Collaborating on play helps participants see beyond substance abuse
Involvement in theater programs can help substance abusers break the patterns of thought that feed their addictions, a UIndy professor’s research indicates.
The evidence will be on stage June 3 and 4 when Dr. Sally Wasmuth and the School of Occupational Therapy present Altered, a play in which the key actors are six men and women recovering from substance abuse disorders. Each performance begins at 7 p.m. in Studio Theatre on the lower level of UIndy’s Esch Hall. Admission is free, and tickets can be reserved at this link.
The one-hour production is the culmination of a six-week occupational therapy intervention program conducted in partnership with Fairbanks Alcohol & Drug Treatment Recovery Center.
“When someone is using drugs on a regular basis, that becomes an occupation for them,” Wasmuth said. “The idea behind this research is that they need other occupations to structure their time.”
The process of developing and presenting a theater production makes a great alternative occupation, she said, because it can counteract many of the factors involved in addiction, including the drive for instant gratification, the social stigma, the alienation from loved ones and the loss of self-esteem.
Altered, written by Indianapolis playwright Ben Asaykwee for use in Wasmuth’s research, reimagines themes from classical Greek and Roman literature to explore the human condition. Each performance will be followed by a 15-minute talk-back session between the actors and the audience. UIndy’s Department of Theatre is assisting with the production.
Wasmuth has presented the play before with a cast of military veterans who were battling addiction issues, but this is the first with non-veterans. She, local theater director Gari Williams and professional actress Lauren Briggeman have been working with the current participants for the past six weeks, meeting three times a week for three hours each time, which is a typical format for traditional outpatient treatment programs.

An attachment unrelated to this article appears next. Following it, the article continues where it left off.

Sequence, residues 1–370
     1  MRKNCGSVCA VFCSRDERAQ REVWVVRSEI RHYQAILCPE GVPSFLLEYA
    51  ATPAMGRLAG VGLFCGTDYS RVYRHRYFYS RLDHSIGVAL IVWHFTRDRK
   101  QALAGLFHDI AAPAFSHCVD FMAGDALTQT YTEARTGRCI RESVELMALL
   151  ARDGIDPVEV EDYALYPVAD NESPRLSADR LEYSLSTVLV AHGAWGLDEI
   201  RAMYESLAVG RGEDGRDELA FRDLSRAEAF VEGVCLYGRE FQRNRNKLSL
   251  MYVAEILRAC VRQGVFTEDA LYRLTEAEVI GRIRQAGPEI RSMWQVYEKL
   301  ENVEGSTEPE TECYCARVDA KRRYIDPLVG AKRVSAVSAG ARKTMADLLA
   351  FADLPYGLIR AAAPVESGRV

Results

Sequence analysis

The rehearsals create a sense of mutual responsibility among the participants, Wasmuth said, and the performances give them an opportunity to receive positive recognition from family, friends and the community.
“With theater, everyone has a unique part, so there is more incentive to show up,” she said. “Impulsivity is common in addiction – with theater, they have to think about the future because everything they do is to prepare for this thing down the road, so we cultivate this forward-thinking thought process that is really important in addiction therapy.”
Wasmuth interviews the participants prior to the sessions and for some period of time afterward, looking for a reduction in substance use and improvements in self-esteem, relationships and general functioning and well-being. Previous outings have found positive results for as long as six months after the performances. She writes about the findings in an upcoming issue of the American Journal of Occupational Therapy.
Among the anecdotal evidence, she recalls one veteran with PTSD who conquered his fear of going out in public after taking part in a production. Another participant said the role-playing helped him relate better with his ex-wife, and the performance gave him a worthwhile experience to share with his son.
“This was the first time his son had seen him do anything positive,” Wasmuth said.